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Thread June 9, 2012 editorial: comments

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1 June 9, 2012 editorial: comments

Dear Fellow Audiofanziners!

Those of you who are fans of the HBO series Game of Thrones have basically two ways to watch the popular series: one become an HBO cable subscriber, assuming this option exists in your country, or two, illegally download the series.  It comes as no surprise that Game of Thrones has won the coveted title of the ‘most downloaded series’ when it crossed the 25 million downloads halfway through the second season.  But this is not because people are thieves and do not way to pay to watch, it is simply not available on such legal content download sites such as Netflix, so to watch an episode in reasonable time one must download. 

This issue has given rise to a new website initiative called “Take My Money, HBO!”  where you can sign a petition and name the price that you will pay to subscribe to HBO via the internet.  The steaming service would greatly reduce the need for the illegal downloading.  The website creator already chalked up 130,000 visitors the first day.  Great idea, no?  So far the average person said he would pay $12 per month for such a subscription.  So what’s the problem, then?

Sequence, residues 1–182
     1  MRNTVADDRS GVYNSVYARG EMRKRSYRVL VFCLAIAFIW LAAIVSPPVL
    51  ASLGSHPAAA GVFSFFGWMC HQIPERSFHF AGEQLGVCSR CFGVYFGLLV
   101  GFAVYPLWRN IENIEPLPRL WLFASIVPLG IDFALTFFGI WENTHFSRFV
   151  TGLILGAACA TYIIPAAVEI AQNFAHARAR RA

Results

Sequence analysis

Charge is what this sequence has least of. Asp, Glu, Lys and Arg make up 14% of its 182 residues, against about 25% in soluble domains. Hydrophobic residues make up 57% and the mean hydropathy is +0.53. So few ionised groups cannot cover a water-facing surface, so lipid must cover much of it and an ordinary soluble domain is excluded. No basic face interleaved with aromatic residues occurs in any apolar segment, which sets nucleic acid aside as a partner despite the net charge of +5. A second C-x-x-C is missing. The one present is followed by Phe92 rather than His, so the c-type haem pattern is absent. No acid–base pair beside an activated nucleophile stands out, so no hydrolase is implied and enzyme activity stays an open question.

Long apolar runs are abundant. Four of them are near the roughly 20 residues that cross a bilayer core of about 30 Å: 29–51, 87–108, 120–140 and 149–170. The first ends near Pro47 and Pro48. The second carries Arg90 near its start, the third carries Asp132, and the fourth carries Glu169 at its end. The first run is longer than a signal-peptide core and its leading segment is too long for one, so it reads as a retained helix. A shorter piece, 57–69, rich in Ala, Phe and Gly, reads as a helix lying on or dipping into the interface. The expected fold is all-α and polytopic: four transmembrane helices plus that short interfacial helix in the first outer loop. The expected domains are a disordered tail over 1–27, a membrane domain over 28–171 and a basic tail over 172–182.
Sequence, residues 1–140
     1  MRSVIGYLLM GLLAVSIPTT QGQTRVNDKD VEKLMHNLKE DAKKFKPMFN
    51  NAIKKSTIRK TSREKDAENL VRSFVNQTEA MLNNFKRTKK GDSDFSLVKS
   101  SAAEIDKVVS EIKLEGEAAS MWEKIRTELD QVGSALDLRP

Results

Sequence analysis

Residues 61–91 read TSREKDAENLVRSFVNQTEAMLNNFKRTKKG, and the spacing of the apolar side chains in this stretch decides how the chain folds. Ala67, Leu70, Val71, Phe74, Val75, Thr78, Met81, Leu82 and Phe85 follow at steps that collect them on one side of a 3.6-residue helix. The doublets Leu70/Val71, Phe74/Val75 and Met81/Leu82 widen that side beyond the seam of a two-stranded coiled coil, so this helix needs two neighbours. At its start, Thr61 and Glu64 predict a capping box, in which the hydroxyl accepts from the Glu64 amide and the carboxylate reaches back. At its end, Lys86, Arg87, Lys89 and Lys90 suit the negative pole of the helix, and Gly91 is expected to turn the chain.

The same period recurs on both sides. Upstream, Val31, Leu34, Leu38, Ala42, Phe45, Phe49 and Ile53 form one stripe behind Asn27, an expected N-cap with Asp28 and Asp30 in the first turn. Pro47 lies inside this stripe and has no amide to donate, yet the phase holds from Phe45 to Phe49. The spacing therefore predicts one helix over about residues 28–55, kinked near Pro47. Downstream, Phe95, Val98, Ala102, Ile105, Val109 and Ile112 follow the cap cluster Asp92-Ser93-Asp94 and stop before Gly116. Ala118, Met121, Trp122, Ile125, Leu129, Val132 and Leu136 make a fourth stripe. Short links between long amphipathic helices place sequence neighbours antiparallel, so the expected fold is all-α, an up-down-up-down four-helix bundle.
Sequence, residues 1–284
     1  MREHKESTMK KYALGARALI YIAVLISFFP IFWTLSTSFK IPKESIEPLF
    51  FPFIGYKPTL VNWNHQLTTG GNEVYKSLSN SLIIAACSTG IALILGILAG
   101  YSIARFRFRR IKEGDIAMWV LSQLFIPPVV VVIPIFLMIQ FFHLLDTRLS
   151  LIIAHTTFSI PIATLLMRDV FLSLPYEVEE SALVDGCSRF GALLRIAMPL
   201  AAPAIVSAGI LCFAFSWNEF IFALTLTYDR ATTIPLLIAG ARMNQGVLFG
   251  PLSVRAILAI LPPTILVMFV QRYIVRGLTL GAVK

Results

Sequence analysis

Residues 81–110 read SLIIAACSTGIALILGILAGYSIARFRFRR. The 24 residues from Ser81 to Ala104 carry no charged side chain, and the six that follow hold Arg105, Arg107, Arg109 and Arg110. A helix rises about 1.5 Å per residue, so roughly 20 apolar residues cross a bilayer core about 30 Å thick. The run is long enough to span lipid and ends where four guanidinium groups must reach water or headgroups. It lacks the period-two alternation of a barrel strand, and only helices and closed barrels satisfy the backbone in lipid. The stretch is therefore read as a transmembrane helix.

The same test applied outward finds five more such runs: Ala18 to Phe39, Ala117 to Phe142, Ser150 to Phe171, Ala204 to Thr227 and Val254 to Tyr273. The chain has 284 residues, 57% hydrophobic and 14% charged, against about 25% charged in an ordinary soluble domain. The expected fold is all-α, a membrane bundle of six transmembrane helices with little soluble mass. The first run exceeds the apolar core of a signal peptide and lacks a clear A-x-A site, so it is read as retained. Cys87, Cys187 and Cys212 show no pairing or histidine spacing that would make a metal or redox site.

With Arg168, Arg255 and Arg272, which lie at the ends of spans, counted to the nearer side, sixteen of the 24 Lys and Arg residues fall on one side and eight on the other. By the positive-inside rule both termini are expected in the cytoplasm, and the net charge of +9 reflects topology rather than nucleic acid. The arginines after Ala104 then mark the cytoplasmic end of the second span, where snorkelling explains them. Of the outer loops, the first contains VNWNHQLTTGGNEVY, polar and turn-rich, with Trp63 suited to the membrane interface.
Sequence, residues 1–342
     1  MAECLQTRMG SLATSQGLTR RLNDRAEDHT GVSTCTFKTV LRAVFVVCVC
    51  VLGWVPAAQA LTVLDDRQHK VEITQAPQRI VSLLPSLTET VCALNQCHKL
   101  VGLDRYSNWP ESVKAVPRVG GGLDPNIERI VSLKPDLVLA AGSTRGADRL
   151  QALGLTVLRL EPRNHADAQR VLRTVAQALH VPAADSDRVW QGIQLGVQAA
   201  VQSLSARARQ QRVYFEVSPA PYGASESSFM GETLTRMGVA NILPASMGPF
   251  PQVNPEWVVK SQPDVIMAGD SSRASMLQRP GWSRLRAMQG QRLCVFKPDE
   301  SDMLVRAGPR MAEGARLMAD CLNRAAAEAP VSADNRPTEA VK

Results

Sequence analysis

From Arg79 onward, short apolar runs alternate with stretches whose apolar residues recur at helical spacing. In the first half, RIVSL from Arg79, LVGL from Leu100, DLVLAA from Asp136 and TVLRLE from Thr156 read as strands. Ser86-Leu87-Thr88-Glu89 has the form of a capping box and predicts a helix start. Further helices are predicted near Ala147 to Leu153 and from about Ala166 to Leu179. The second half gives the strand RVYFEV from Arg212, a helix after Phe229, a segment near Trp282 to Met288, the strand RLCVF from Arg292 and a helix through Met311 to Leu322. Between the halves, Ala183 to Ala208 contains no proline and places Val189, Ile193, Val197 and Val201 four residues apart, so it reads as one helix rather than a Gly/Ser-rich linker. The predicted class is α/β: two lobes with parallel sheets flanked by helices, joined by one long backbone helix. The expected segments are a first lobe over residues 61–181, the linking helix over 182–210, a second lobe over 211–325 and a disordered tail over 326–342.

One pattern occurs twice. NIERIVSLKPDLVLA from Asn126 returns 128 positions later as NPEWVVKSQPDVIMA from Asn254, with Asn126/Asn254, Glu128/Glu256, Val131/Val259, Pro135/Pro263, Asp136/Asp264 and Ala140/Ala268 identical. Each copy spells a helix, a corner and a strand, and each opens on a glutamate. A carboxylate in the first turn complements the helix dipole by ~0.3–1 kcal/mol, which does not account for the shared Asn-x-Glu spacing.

HBO says no.  According to an article on TechCrunch, HBO currently has about 30 million subscribers, earning an average of $7-8 from each subscriber.  Even if HBO were to abandon this model and charge individuals online a much higher subscription rate, first it will have to invest in the proper online infrastructure, and second it will lose the marketing and distribution that it gets for free from cable and satellite networks.  Hence, in the long run it will lose money.  Running both models of course (cable and streaming) would be suicide as online will cannibalize cable subscribers. 

OK makes sense and I can respect that business is business, so one can continue to download or borrow their friend’s password to HBO Go.  But the real question here is beyond Game of Thrones.  How long will TV/Cable networks continue to ignore the online market, which we all know is much bigger?  My feeling is that no one wants to be the first to take the plunge, to risk old business models and relationships for the new market that have emerged.  But like with anything, eventually, one player will have nothing to lose, or everything and will strike out on their own.

In the meantime, trust me, the book series by George Martin is vastly superior to HBO’s rendition (or at times butchering) and best of all it is super portable and off-line.

Chater-La